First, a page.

By now we are cold, ready to conclude our afternoon jaunt. As I stride downhill toward the tunnel, I notice shadows of fence slats spaced upon the concrete. Art to my eyes. I stop, photograph the fence and fence shadows as they arc. Even in this moment, I see signs of spring along the river, beneath the blue sky.
STRIPPING IMAGES OF COLOR lends an historic context to several aged buildings I recently photographed near Central Park in downtown Owatonna. It’s easier for me to see the past, to appreciate these long-standing structures through the lens of time when I view them in black-and-white.
First, I feel such gratitude that these buildings still stand. A time existed when the thought was that new is better. Out with the old, in with the new. I’m not of that camp and I’m thankful for the shift in attitudes.
On a recent visit to Owatonna’s Central Park, I pivoted to observe those key historic buildings and others in a downtown of multiple core business streets.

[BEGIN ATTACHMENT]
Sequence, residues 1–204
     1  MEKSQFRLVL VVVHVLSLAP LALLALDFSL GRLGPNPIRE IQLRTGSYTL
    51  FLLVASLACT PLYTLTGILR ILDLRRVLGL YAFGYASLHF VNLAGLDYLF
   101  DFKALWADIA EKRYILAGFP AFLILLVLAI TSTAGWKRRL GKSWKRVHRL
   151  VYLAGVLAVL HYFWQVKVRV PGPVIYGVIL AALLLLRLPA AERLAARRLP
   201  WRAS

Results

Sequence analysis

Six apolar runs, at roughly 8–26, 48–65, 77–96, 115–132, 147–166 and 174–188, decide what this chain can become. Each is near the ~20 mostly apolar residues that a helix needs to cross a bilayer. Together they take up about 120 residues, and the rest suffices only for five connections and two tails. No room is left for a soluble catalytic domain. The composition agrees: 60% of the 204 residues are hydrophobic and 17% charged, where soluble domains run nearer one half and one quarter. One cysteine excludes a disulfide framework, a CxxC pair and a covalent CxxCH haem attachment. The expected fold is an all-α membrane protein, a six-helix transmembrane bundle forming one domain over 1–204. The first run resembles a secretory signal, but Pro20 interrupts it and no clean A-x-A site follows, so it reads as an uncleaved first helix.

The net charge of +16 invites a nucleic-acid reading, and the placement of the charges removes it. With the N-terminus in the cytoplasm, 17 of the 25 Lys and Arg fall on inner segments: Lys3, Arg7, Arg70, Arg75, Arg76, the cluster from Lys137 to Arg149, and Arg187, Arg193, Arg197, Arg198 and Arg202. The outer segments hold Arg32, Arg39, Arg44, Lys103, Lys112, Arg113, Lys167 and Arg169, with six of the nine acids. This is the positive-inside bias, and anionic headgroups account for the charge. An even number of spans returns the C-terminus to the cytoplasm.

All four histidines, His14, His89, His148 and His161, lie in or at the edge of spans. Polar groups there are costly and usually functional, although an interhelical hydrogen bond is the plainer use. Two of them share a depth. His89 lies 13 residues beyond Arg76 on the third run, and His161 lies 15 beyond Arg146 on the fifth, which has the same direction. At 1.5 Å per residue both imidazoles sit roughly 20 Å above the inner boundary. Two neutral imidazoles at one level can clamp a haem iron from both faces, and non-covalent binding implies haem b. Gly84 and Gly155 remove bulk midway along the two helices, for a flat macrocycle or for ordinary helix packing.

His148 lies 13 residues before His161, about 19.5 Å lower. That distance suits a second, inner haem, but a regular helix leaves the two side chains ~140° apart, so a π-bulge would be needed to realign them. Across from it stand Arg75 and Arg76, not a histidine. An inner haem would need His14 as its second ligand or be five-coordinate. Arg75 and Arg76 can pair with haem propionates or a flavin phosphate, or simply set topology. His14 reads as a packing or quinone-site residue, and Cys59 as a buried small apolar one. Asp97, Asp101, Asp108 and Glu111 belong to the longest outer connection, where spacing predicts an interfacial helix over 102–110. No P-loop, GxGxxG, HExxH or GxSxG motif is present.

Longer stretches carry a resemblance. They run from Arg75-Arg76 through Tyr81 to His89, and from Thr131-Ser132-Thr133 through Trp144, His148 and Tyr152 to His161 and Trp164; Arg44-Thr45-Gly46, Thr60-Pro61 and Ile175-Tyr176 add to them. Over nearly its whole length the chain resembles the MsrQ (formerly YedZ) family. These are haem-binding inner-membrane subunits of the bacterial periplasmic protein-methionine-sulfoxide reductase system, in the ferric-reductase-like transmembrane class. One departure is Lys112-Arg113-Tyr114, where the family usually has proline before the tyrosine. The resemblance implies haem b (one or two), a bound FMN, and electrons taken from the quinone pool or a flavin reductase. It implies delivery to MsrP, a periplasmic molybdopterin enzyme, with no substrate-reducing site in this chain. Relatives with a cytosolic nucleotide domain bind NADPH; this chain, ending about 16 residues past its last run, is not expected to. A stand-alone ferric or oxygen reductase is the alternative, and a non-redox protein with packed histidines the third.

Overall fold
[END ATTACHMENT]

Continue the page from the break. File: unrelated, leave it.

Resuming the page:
The park, with a replica of the 1899 community stage, serves as the “town square,” the physically identifiable point of focus and gatherings. Here folks gather for concerts, the farmers’ market and other events. Music and the undeniable human need to socialize connect the past to the present.
I feel inspired now, via my recent stop in Central Park, to return to downtown Owatonna and further explore its history and architecture. Sure I’ve been here before, but not in awhile and not with a focused purpose of intentional appreciation for and photographic documentation of this historic district.
I encourage each of you, wherever you live, to pause. Strip away the color to black-and-white. See the basics, uncolored by time or attitudes or that which detracts. Observe how the past and present connect. Value the “good” in your community. Appreciate the place you call home.
TELL ME: What do you appreciate about your community?
But on this cold Saturday in late February when I stopped by, only a few people used the park. A couple walked their dogs. And two women crossed to the center fountain, purses angled across downy winter coats, stocking caps clamped on and shopping bags looped over three gloved hands, take-out coffee clutched in the fourth.
As the women paused near the centerpiece fountain placed here in 1909, I studied the scene before me, camera ready. Only moments earlier, I finished my packed lunch inside the cozy warmth of the van. Randy and I had planned to eat at nearby Rice Lake State Park. But that all changed when hiking trails proved too icy for safe walking. So here we were in Owatonna, shifting our plans.